Bouhanni Sprints to Victory at Vuelta a Espana
Nacer Bouhanni (FDJ.fr) has won Stage 2 of the Vuelta a Espana. The Frenchman took a bunch sprint to snare the flat, 174.4-km run from Algeciras to San Fernando in 4:01:30. John Degenkolb (Giant-Shimano) finished second, and Roberto Ferrari (Lampre-Merida) finished third. Alejandro Valverde (Movistar) has taken the red jersey from teammate Jonathan Castroviejo.
Heat and wind greeted the riders at the start. Francisco Javier Aramendia (Caja Rural-Seguros RGA), Jacques Janse Van Rensburg (MTN-Qhubeka), Valerio Conti (Lampre-Merida), and Romain Hardy (Cofidis) made an early escape. The Movistar-led bunch kept the quintet on a short leash, and the fugitives’ advantage maxed out at about five minutes.
FDJ.fr and Giant-Shimano joined Movistar at the front and slowly reeled in the break. At one point, a crash took down Fabio Felline (Trek), Jens Debusschere (Lotto-Belisol), and Merhawi Kudus (MTN-Qhubeka), but all remounted and rejoined the peloton.
With 30 km remaining, the escape’s lead was down to 0:30. The catch was made 14 km later.
Cannondale, Giant-Shimano, and FDJ.fr went to the front. Tinkoff-Saxo Bank, Sky, Katusha, and BMC joined these squads at the front to keep their general classification men out of trouble. At one point, the pace split the peloton, but the bunch reformed. With five 90 degree turns in the last three km, including three in the last km, the sprinters’ teams battled for position.
FDJ.fr had the best position as the peloton came off of the last turn. The French squad formed a flawless leadout train, and Bouhanni made his move with 200 m left. Degenkolb attempted to close the gap, but the German never had a chance. The Frenchman won by more than a bike length.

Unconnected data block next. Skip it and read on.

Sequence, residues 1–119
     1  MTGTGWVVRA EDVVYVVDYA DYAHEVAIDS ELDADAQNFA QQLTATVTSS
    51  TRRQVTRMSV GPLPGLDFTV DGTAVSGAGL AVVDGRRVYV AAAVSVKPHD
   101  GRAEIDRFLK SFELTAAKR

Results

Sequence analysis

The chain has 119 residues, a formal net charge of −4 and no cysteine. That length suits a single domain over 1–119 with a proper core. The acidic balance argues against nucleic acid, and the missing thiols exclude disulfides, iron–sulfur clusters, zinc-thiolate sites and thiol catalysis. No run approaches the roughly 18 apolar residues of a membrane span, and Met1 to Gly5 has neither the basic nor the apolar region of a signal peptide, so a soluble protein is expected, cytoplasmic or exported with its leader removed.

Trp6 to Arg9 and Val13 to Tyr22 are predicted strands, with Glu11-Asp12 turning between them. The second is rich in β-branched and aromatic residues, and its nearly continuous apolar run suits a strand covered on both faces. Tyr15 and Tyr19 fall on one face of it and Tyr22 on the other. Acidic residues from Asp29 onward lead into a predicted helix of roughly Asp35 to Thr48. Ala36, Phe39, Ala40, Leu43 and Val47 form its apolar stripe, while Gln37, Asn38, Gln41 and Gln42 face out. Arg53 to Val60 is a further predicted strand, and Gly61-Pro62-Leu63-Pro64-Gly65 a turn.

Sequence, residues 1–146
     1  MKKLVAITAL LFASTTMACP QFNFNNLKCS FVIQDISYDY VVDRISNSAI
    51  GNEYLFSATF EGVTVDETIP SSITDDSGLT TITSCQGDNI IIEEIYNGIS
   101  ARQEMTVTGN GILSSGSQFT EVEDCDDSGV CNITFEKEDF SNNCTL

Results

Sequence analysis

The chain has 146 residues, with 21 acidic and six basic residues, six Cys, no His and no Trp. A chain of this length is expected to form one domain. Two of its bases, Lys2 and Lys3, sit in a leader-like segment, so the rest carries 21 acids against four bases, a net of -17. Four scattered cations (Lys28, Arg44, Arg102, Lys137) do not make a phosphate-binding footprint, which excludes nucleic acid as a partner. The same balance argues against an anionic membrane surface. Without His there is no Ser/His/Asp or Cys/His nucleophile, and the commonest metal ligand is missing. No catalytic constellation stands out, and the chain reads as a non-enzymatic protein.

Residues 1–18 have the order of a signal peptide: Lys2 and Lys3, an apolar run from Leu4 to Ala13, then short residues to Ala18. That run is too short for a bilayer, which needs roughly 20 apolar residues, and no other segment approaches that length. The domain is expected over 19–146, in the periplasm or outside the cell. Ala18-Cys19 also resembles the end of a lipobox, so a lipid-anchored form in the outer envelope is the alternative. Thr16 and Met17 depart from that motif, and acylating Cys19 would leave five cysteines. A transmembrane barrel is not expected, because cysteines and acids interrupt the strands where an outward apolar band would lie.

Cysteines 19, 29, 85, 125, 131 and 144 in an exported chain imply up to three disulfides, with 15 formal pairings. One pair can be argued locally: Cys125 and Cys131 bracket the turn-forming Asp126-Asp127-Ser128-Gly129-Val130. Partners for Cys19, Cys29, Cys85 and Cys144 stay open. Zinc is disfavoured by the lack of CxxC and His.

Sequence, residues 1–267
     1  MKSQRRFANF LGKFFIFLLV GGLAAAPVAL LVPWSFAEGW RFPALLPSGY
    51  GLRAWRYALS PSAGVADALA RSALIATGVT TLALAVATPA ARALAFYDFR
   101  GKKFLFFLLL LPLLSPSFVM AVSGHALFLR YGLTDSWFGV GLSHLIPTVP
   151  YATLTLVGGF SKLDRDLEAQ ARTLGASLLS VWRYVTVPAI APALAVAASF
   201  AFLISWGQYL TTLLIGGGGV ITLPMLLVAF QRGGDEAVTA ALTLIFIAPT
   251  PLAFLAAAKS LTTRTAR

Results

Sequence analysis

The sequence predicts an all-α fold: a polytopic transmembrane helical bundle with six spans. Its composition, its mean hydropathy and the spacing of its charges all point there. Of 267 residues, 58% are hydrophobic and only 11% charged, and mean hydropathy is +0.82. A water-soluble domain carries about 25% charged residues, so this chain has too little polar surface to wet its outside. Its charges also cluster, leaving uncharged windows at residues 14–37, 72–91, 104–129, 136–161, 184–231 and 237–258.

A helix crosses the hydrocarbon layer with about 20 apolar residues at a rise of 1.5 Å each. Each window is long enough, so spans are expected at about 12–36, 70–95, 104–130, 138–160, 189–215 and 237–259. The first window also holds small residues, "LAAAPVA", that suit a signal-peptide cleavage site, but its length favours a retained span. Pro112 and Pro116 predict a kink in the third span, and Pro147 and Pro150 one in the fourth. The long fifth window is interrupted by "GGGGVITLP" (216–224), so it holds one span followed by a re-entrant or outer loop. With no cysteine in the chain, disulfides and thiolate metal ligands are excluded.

Bouhanni wanted to win a stage as early as possible in the race. “It was my goal to win a stage as soon as possible to take pressure off my FDJ.fr team,” the Frenchman said. “We’ll be more relaxed from now on. It’s important….I knew the form was coming. If there are other opportunities to win at the Vuelta, I’ll go for it.”
In the overall, Valverde leads teammates Nairo Quintana and Amadey Amador. Stage 3 could produce a new race leader. The hilly, 197.8-km ride from Cadiz to Arcos de la Frontera will see the riders pedal away from the Spanish warship Juan Carlos I and over about 80 km of flat roads before they tackle four Category 3 climbs in the next 60 km. They will take on an uncategorized ascent before the uphill finish. This stage will resemble a classic, and a classics man should win it. Who will it be? Degenkolb? Peter Sagan (Cannondale)? Cadel Evans (BMC)? Check in at www.roadcycling.com and find out!